Spice Hunting: Rose Water


When I think of rose water, I can't help but be transported to the Persian Empire of millennia ago. Paper-thin sheets of phyllo, brushed with butter and baked with nuts. Sweet and sour rice dishes with gilded crusts and the perfume of delicately layered spices. And princes sipping sweet milky desserts kissed with rose water.

Yes, I spend a lot of time in front of my pantry sniffing spices.

"Fast forward to the modern day—rose water is as likely to be found in Grandma's perfume as in our food."

Fast forward to the modern day—rose water is as likely to be found in Grandma's perfume as in our food. It's an old-fashioned flavor, looking backward rather than forward. But there's something about its ancient caché when treated right, there's nothing like it. Fantasies aside, cooking with rose water is a bit like doing edible history: a window into what we cooked thousands of years ago.

Rose water's best uses are also its oldest: pastries, creamy desserts, spicing for nuts, and accents on braised dishes. These uses came out of the Middle East, especially Persia and Moghul India, where it was also used for cosmetic and religious applications. Like orange blossom water, rose water can be infused into sweet spiced syrups poured over flaky baklava or blended into light cakes. It reinforces the floral notes of cinnamon and honey, with which it's often paired.

Whipped cream infused with rose water, layered in an icebox cake with blackberries, pistachios, and pomegranate molasses. Max Falkowitz

Rose water also tastes like it was made for milk and cream, especially from cows raised on flowers and grass. The simplest, and one of the best recipes involving rose water is as follows: stir half a teaspoon or so into some loosely whipped cream. Serve with sweet fruit.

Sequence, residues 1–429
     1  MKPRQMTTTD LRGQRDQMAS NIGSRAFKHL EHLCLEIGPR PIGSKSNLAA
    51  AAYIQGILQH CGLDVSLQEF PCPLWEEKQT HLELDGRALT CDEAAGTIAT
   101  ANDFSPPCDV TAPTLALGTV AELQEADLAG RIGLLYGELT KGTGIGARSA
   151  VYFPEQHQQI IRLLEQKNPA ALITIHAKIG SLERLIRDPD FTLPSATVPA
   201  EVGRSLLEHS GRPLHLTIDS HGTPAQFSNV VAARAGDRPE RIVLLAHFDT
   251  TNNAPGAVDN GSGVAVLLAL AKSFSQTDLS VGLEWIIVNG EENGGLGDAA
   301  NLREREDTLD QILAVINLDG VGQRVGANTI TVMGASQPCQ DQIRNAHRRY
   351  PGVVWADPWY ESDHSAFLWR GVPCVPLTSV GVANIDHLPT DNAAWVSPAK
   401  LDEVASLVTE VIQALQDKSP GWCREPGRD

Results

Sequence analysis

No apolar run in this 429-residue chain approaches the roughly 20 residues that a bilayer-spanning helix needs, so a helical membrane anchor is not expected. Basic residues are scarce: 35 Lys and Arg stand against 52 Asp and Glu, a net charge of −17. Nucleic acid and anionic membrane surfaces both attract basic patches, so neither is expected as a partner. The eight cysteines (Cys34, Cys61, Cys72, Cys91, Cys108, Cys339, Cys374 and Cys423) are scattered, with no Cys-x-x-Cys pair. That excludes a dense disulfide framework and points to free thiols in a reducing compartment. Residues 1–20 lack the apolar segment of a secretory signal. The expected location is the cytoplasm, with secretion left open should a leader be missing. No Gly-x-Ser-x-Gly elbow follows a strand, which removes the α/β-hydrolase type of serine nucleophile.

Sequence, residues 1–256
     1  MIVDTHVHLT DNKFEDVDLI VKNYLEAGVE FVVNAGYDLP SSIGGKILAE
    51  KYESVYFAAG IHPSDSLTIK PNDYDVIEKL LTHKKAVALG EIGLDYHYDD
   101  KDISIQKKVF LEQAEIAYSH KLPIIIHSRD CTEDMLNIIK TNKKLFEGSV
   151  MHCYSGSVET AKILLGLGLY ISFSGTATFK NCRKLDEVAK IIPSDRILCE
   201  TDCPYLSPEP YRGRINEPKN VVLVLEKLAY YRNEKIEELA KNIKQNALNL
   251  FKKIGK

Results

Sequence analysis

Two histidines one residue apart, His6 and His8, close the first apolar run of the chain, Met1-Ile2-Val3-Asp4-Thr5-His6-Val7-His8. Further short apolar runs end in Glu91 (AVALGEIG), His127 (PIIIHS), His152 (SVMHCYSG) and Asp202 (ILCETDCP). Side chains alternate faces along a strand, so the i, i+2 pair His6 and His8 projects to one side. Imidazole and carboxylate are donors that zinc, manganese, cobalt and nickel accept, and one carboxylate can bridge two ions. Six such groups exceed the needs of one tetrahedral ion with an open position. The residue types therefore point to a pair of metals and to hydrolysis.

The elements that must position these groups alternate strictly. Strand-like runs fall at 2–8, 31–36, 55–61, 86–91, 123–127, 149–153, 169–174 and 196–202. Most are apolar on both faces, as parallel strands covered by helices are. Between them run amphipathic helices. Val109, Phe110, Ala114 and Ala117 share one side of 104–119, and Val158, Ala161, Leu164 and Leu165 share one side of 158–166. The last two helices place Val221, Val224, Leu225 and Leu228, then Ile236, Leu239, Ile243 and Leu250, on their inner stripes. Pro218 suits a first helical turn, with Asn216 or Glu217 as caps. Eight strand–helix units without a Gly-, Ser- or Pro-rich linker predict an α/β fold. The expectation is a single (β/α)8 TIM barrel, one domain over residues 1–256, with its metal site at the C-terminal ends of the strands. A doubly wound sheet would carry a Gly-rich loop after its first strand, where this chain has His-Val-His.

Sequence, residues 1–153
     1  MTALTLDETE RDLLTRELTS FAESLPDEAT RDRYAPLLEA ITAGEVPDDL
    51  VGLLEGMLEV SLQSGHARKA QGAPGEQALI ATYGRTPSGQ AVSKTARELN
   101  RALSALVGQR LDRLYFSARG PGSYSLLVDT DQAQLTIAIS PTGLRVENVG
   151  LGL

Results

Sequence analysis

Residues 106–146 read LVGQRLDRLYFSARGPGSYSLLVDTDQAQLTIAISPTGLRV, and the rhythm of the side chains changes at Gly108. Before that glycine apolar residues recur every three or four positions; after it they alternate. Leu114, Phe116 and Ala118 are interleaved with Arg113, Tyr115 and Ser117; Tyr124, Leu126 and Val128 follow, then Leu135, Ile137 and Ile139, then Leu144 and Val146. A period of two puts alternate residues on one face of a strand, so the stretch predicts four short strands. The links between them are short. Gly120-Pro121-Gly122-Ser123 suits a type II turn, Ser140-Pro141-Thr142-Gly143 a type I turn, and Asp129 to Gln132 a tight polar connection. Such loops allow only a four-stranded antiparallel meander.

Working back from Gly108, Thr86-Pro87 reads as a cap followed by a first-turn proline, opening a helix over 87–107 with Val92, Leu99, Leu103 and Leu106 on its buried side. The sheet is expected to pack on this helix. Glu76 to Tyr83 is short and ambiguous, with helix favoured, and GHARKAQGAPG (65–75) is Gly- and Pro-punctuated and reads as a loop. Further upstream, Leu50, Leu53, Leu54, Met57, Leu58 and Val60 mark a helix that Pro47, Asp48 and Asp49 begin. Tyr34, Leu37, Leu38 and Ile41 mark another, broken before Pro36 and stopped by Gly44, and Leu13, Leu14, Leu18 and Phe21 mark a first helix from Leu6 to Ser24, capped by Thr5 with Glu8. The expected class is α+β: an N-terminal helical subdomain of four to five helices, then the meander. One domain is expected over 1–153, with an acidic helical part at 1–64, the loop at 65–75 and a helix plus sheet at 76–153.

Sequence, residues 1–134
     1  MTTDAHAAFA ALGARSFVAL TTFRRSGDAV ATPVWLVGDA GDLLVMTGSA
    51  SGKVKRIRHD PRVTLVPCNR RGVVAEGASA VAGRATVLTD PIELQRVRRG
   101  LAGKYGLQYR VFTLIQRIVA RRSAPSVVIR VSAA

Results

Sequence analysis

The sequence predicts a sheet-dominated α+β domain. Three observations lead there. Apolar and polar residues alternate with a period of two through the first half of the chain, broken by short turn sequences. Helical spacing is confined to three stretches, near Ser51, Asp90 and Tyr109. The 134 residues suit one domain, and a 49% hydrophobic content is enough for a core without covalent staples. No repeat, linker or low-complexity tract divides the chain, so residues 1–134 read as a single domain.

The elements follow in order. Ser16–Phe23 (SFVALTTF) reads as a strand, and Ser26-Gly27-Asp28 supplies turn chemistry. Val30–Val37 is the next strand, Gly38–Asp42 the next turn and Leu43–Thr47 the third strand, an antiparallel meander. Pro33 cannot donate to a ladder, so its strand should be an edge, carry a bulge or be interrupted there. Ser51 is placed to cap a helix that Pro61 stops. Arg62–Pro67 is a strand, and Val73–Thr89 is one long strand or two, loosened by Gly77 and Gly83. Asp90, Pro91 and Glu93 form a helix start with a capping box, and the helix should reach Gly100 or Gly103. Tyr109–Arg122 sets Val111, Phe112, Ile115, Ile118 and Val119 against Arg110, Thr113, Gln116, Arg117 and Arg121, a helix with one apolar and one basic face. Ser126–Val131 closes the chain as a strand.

For something slightly more complicated, try faludeh, the Persian version of falooda, a sherbet-like concoction of iced, sweetened milk and rose water, studded with tapioca pearls and strands of vermicelli noodles.

Rose water is nothing short of dreamy in ice cream, especially when joined with other exotic spices like saffron, cardamom, and jasmine. It's a frequent flavor of kulfi, the dense, rich Indian ice pop made from cream, sweetened condensed milk, spices, and occasionally ground almonds. If you've been looking to make ice cream but don't want to invest in an ice cream machine, kulfi is a great introduction as the base doesn't need to churn. Rose water is as classic a flavor for kulfi as vanilla is for American styles of ice cream. And the comparison goes beyond ice cream: rose water is a powerful substitute for vanilla in many applications.

You can also blend rose water into nut mixtures, especially almonds, pistachios, and coconuts. Try it in frangipane, baked into a tart with rich, meaty figs. That all said, sweets aren't your only option for rose water: a touch in Middle Eastern style braises and pilafs does wonders for the aromatic qualities of a savory dish.

"If there's a trick to using rose water"

If there's a trick to using rose water, it's to use it sparingly. Start with a quarter teaspoon and see how far you want to go. In the right quantities it brings out subtle notes in similar flavors, a perfect accent. Go overboard and whatever you're cooking will taste like musty, bitter flower petals. But that's a pretty easy rule for a spice with such a pedigree. So pick up a bottle from the "ethnic" section of your market (Cortas—pictured above—is my go-to brand) and delve into some seriously good, seriously old-school flavor.

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